The twin 6.5-m Magellan telescopes sit side by side on the 8,000 foot peak of Las Campanas in the southern Atacama desert.

Carnegie’s Las Campanas Observatory in Chile. Photo by Scott Sheppard, DTM.

Having successfully led the team that designed and built the twin 6.5-m Magellan telescopes, Stephen Shectman (Shec) then teamed with Rebecca Bernstein to build a general purpose echelle spectrometer for Magellan. The MIKE spectrometer was installed on Magellan in November 2002. It included an Iodine cell. The MIKE planet search was initiated on December 15 2002.

MIKE was primarily designed to observe faint objects to take advantage of the 6.5-m Magellan telescopes, and the spectacular quality of the Las Campanas sky. MIKE is not stabilized and was not designed to take spectra at extremely high resolution, both of which are desirable for a precision Doppler instrument.

Shectman and Butler began discussing a purpose-built echelle spectrometer explicitly designed to acquire the stellar Doppler velocity measurements with the highest possible precision in 1999. The primary attributes of a precision velocity echelle spectrometer are resolution, sampling, and stability, with cost always a looming factor. Previously we had used general purpose echelle spectrometers with a resolution of 45K to 60K and no stabilization.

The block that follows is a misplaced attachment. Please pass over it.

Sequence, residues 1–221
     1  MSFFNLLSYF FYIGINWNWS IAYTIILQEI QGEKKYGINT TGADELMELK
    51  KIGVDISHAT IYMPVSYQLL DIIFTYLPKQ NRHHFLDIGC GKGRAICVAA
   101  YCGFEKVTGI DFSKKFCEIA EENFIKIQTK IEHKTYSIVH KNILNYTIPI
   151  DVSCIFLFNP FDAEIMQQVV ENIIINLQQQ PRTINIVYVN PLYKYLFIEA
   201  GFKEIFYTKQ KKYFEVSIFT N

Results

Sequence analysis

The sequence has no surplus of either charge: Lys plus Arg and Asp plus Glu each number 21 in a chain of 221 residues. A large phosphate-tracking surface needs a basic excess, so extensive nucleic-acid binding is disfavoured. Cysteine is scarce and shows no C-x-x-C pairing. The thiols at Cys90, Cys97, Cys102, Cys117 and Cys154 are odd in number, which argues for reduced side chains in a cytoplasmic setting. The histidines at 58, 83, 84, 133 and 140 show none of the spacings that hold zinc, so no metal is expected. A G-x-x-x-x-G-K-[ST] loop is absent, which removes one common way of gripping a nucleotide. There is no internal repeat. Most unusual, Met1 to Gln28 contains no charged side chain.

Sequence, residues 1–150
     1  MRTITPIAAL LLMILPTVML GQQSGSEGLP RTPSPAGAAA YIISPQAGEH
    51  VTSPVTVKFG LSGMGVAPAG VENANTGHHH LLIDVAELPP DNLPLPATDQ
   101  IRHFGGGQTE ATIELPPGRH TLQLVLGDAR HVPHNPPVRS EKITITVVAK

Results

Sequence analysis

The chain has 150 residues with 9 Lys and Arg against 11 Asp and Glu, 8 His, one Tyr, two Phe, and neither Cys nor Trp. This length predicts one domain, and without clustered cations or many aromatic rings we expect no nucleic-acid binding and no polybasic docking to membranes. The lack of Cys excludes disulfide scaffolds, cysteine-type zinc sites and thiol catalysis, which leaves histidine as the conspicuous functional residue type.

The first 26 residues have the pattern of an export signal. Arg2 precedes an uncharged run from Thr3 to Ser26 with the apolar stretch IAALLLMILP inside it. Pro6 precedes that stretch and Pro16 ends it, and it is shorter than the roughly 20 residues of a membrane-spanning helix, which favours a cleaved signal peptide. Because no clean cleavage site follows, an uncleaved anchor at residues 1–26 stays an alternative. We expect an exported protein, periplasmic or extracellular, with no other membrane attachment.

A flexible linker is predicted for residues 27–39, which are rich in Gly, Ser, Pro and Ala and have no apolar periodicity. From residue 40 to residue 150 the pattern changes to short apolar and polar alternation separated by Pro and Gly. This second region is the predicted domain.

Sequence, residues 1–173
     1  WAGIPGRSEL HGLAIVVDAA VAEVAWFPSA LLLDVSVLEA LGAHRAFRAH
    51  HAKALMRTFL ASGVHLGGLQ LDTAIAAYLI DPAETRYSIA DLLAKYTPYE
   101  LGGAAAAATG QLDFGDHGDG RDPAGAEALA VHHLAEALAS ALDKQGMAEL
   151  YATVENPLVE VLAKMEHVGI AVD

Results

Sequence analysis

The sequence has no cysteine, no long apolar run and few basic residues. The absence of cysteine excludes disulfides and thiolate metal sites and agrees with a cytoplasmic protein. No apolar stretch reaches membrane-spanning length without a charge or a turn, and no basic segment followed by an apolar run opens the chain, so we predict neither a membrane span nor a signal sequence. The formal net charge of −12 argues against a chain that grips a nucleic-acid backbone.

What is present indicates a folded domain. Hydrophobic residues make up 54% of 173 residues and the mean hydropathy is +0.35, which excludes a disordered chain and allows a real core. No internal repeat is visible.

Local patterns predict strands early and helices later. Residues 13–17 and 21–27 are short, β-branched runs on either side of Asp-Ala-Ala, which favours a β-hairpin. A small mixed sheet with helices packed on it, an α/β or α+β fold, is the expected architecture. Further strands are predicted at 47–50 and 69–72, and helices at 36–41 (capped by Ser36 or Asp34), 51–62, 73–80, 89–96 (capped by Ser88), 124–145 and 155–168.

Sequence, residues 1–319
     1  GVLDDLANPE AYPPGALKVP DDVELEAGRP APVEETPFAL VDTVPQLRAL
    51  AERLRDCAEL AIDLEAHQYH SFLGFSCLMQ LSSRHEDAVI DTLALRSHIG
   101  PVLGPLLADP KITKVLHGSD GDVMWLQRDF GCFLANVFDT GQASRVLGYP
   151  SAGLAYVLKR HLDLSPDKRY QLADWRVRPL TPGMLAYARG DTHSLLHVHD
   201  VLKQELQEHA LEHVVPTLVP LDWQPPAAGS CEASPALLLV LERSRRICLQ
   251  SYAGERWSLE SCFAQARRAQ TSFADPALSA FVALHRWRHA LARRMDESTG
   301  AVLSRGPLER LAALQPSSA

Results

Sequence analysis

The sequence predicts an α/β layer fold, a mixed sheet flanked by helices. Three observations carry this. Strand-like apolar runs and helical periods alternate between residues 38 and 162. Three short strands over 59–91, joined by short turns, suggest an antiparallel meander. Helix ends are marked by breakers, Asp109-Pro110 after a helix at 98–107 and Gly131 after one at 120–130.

Shectman produced the original design for the “Planet Finding Spectrometer” (PFS) in 2000. Light going through the spectromer makes a double pass through the optics before being captured by the CCD camera. This allows for a more compact design. Instead of being the size of living room, PFS has the footprint of a ping-pong table, and is encased in a thick insulating box.

This project was funded by the NSF Major Research Instrumentation program in 2002. The Carnegie Institution for Science and a private donor also provided significant support.

Jeff Crane and Shec carried out the refined design and construction of PFS, largely at the Carnegie Observatories optical shop in Pasadena. Ian Thompson oversaw the CCD dectector system. The Planet Finding Spectrometer commenced operation on January 1, 2010.